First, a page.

By Christie L. Chicoine
CS&T Staff Writer

Oblate of St. Francis de Sales Father Thomas Hagan, a native of the Philadelphia Archdiocese working in Haiti, survived the massive earthquake there Jan. 12 with minimal scrapes to his head.

The priest runs Hands Together, a non-profit organization devoted to the care of the poor in Haiti.

Father Hagan, 68, was concluding a meeting in his first-floor office in Port-au-Prince when the earthquake hit, according to the Oblates of St. Francis de Sales’ Wilmington-Philadelphia Province.

The most recent correspondence the province received from Father Hagan was via e-mail late last week. “We are all sleeping on the ground and we have set up a base in the land we use for the vehicles,” Father Hagan wrote. “A couple hundred homeless are here each night as well. This morning I was on the second floor of a hotel near the sisters. I thought that I would simply drop in and get some hot coffee and while I was drinking it, another quake happened. It was terrifying. I find the people are in a daze. I am trying hard to keep their spirits up.”

The Hands Together web site further described the plight of the earthquake, which the Haitian government says has claimed more than 150,000 lives and left 3 million injured or homeless.

According to the web site, Father Hagan and a colleague crawled under a sturdy metal table as cement and glass fell around them. Two staff members ran from the building which also serves as residence for a number of the Hands Together staff and volunteers.

One of the staff members returned to help Father Hagan and his colleague escape the crumbling structure.

Other occupants were not as fortunate. After the tremors stopped, the crushed bodies of two Oblate seminarians were found underneath the building. All that remained of the structure had been reduced to rubble.

After digging through the rubble throughout the night, the organization’s members successfully freed two volunteers.

They took them to the nearby Missionaries of Charity facility, which had sustained less substantial damage.

Meanwhile, people filled the streets, crying, shaking and traumatized.

Father Hagan and his staff and volunteers spent the night on the road outside the crumbled center.

The next day, they collected bottled water and rice from the ruins of the mission center. The staff doctor treated the sick and injured as other staff members distributed rice and water.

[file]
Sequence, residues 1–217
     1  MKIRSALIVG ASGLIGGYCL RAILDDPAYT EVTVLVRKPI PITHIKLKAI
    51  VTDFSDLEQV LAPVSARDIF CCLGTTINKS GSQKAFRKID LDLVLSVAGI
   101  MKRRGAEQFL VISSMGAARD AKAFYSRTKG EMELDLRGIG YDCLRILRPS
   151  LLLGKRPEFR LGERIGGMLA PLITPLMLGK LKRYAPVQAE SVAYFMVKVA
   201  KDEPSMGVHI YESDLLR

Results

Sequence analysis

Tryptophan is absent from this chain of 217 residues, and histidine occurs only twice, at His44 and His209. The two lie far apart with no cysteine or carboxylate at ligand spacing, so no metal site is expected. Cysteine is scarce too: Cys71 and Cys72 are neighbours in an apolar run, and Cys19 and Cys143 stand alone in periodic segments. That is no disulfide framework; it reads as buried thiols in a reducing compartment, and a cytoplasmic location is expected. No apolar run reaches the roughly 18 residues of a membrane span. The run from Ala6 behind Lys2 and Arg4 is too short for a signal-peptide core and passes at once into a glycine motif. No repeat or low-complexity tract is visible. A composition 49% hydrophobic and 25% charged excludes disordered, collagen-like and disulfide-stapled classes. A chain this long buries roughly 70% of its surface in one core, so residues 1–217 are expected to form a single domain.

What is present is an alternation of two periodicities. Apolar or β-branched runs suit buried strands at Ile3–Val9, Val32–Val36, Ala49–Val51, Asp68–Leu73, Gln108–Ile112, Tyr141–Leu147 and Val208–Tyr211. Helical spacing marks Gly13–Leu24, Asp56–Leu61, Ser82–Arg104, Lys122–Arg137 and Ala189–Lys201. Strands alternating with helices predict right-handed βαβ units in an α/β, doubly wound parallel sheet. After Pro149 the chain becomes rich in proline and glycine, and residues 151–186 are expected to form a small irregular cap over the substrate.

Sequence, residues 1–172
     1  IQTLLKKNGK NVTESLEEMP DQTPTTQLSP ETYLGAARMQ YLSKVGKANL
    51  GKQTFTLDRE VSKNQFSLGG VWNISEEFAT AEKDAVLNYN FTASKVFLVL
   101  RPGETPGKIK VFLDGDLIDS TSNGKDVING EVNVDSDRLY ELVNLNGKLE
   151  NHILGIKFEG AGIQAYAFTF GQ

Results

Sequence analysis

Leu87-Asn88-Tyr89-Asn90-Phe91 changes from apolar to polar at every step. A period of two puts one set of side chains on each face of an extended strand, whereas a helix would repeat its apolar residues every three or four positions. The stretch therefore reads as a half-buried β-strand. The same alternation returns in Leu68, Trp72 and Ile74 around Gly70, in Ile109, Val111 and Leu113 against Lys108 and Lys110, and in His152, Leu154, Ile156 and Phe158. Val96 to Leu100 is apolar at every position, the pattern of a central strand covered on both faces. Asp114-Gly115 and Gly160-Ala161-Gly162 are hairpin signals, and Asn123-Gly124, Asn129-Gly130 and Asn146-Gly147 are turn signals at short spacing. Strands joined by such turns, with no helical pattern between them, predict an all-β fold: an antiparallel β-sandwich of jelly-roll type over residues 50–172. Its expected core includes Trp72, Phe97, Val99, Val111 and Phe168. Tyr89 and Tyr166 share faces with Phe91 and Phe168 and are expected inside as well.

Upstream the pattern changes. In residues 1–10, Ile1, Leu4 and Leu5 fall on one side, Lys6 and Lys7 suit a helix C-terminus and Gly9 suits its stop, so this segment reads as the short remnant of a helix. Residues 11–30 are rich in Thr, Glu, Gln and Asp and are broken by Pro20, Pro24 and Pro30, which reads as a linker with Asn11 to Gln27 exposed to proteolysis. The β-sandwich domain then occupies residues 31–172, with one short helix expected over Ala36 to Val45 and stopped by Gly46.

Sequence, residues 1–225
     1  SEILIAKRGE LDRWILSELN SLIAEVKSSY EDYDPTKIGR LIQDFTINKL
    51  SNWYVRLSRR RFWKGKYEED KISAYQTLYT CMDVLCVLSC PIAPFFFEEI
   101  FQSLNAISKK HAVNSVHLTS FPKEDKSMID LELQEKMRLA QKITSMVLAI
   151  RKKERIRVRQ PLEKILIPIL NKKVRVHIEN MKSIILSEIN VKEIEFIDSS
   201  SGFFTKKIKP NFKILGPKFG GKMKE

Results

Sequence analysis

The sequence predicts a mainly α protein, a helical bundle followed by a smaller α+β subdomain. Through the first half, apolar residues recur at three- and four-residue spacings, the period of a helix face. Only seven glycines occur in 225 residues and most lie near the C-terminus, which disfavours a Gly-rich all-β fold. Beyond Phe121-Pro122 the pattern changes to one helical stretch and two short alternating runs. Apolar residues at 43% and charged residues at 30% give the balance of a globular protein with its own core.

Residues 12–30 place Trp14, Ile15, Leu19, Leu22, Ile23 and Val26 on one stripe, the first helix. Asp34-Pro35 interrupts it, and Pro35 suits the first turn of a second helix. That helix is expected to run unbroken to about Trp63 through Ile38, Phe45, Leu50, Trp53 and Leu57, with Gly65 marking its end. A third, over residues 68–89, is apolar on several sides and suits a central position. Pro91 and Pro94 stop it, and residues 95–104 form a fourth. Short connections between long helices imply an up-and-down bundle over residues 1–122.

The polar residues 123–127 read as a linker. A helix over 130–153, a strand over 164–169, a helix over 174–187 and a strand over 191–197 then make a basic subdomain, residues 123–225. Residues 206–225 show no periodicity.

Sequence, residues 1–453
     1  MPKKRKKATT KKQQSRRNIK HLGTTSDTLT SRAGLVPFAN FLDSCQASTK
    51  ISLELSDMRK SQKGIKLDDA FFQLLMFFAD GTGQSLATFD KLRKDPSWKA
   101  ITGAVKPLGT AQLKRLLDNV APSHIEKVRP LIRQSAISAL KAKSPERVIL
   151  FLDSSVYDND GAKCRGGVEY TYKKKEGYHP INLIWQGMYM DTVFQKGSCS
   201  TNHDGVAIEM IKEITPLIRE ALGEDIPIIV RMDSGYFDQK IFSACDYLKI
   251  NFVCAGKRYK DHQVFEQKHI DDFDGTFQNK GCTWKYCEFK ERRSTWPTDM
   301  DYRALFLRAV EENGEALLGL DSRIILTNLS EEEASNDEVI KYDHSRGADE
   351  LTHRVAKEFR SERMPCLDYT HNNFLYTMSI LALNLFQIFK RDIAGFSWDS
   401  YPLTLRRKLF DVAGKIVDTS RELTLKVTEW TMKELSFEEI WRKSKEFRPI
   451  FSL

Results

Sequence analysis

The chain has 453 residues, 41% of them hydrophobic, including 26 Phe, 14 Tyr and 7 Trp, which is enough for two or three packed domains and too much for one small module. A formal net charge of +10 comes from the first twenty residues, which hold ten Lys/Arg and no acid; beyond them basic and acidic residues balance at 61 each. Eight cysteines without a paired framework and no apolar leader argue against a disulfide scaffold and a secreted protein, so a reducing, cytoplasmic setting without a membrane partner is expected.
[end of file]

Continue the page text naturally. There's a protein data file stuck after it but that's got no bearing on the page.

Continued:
That same day, Nelson – the staff member who had rescued Father Hagan and a colleague – drove to his neighborhood, stopped on a side street then pointed to a pile of cement rubble and said, “There is my 3-year-old daughter and her mother. They are dead.”

Driving through Port-au-Prince, the staff passed hundreds of collapsed buildings: schools, hotels, markets, houses, government buildings and churches. Dead bodies lined the streets and fell from buildings as people searched the rubble to attempt to rescue the living.

Founded in 1986, Hands Together, headquartered in Springfield, Mass. in the Diocese of Springfield, establishes schools, orphanages, nutrition and feeding programs, clean-water projects, medical clinics, sustainable-development projects and partnerships with local leaders and communities to help the needy people of Haiti.

A priest of the Oblates’ Wilmington-Philadelphia Province, Father Hagan graduated from St. Matthew School in the Mayfair section of Philadelphia in 1955 and from Father Judge High School for Boys in the Holmesburg section of the city in 1959.

At press time, Father Judge High had collected nearly $6,500 for Hands Together from faculty, staff, alumni and students. For one minute during homeroom on Jan. 20, students were asked to donate what they could during what was dubbed the “Miracle Minute.” That effort alone raised nearly $700.

Father Hagan taught theology and moderated the Community Service Corps at Northeast Catholic High School for Boys in the Frankford section of the city in the 1970s. At press time, students, faculty and staff at North Catholic had collected more than $1,000 for Hands Together. An appeal has also been made to alumni, friends and other benefactors via the school’s web site.

Make a donation to Hands Together, P.O. Box 80985, Springfield, MA 01138 or make an electronic payment via the web site

For more information, call Hands Together at 413-731-7716.